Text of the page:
Practicing Honest Communication in Intimate MomentsJul 13, 2023
This Exercise Builds Skills to Support True Consent
There are a million and one reasons we might not communicate honestly about sex. We might be afraid of hurting our partner– seeing that little disappointed expression cross their face, or risking that they feel rejected. We might be afraid of being judged–seen as too prudish and boring or too kinky and weird. We might not be sure what we want, making it difficult to ask for it.
That’s part of how people can end up saying yes to sexual activities they’re not excited about, or not saying no to touch that hurts, or never telling their partner that there’s something else they’d like to try. As understandable as this is, over time, biting back the truth can do real damage to your sexual connection (and even your body, if you’re pushing through unresolved sex pain) and it can prevent you from having the kind of truly joyful, intimate, and connected sex that we all really want to have.
So, what does it take to develop the ability to communicate honestly in sexual situations? First you’ll need to be able to discern what you want sexually, including in the moment. And of course, you’ll need to be able to express that to your partner in some manner, even if you think they won’t be happy to hear it. And the flip side of that coin is that you’ll need to be able to stay calm, open, and grounded when your partner tells you what they really want, even if it’s not what you wanted to hear. This set of skills is what I call “sexual differentiation,” and it’s the foundation of a healthy and long-lasting sexual connection.
As a sex therapist, I very often find that the core of my work revolves around helping my clients build sexual differentiation. To that end, I’ve developed an exercise that I call Upshifting and Downshifting. It’s designed to help partners practice communicating honestly about physical touch in a low-stress, low-stakes context, so that they get better at communicating honestly and effectively in higher-stakes moments. I use it often in my therapy room, helping clients practice with something simple and low-pressure, like holding hands.
Upshifting and Downshifting builds awareness of what you want for yourself, what you are experiencing, what your partner prefers, and how you can tend to the connection between partners when each wants something different. In other words, it builds sexual differentiation, an important foundation for happy intimate experiences of pleasure.
The exercise goes like this: Each person plays with various responses on both the giving and receiving end of the interaction. This involves asking for something, offering something, and also saying yes, no, or making a different suggestion when their partner asks for something. This exploration will increase comfort with simple expectable pivots that can feel unsettling in a sexual encounter. For example, one partner might ask “may I hold your hand?” Then, the other might play with various responses. Both stay relaxed and easy with one another regardless of the answer.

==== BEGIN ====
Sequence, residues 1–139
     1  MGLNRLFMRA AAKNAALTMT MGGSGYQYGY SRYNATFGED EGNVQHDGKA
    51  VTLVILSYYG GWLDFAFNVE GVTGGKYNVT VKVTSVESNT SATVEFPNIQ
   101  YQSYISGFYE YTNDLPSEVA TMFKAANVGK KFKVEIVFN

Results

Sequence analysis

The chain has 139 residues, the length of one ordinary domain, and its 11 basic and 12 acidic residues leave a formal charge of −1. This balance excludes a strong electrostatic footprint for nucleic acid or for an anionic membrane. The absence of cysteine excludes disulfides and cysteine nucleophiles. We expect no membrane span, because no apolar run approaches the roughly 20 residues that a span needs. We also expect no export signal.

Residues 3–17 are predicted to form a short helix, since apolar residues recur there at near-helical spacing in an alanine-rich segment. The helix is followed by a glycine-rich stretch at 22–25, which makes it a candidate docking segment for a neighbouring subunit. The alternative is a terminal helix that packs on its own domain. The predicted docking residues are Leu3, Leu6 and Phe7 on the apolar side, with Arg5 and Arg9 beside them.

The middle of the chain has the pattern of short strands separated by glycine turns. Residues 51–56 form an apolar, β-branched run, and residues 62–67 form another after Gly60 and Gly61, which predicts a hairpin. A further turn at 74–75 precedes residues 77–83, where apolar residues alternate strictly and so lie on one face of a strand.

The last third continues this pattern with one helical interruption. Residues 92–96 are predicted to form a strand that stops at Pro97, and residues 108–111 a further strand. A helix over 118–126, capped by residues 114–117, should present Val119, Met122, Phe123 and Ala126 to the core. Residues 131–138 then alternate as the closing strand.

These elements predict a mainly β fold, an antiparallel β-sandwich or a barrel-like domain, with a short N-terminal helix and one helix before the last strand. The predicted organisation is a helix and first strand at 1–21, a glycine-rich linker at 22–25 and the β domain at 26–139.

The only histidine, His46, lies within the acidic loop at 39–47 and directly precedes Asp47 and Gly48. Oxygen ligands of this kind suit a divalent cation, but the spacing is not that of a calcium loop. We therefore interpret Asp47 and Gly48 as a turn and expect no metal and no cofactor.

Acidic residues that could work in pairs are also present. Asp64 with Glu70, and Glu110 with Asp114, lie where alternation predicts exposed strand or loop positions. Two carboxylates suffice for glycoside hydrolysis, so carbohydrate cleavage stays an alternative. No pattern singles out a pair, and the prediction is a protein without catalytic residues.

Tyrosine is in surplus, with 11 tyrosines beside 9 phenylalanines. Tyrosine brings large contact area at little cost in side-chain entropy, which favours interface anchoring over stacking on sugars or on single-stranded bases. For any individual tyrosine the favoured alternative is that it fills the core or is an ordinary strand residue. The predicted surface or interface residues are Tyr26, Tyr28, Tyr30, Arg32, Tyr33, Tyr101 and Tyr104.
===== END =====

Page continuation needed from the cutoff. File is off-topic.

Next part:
- Saying yes
- Saying no
- Suggesting a different, lower-stakes activity (“No, but maybe we could go for a walk instead?”)
- Suggesting a different, higher-stakes activity (“No, but would you be willing to put your arm around me instead?”)
Then, partners switch roles, and so they get practice both initiating and receiving/responding. Practice receiving a “no” with warmth and grace. Ask yourself: How can you help support your partner in being honest with you? How can you make it easy for them to tell you what they really want and feel?
This exercise builds important skills for handling the kinds of pivots that are part of any consensual sexual intimacy. The focus here is getting comfortable with a full range of possibilities so reactive emotions don’t get in the way of feeling connected when things don’t go as planned. Try to keep it a little playful, while also noticing and managing the emotions that are bound to arise.
I’m sure you can see how practicing and repeating this sequence supports strengthening skills for handling a full range of possibilities with grace, warmth, and ease. When you know you can count on your partner to receive a “no” well, and also count on yourself to give a “no” when needed, it becomes much more possible to relax and enjoy physical closeness. Try it out and see what happens. The more you practice, the easier it will be–and that ease will transfer into other moments.
Originally published on Psychology Today.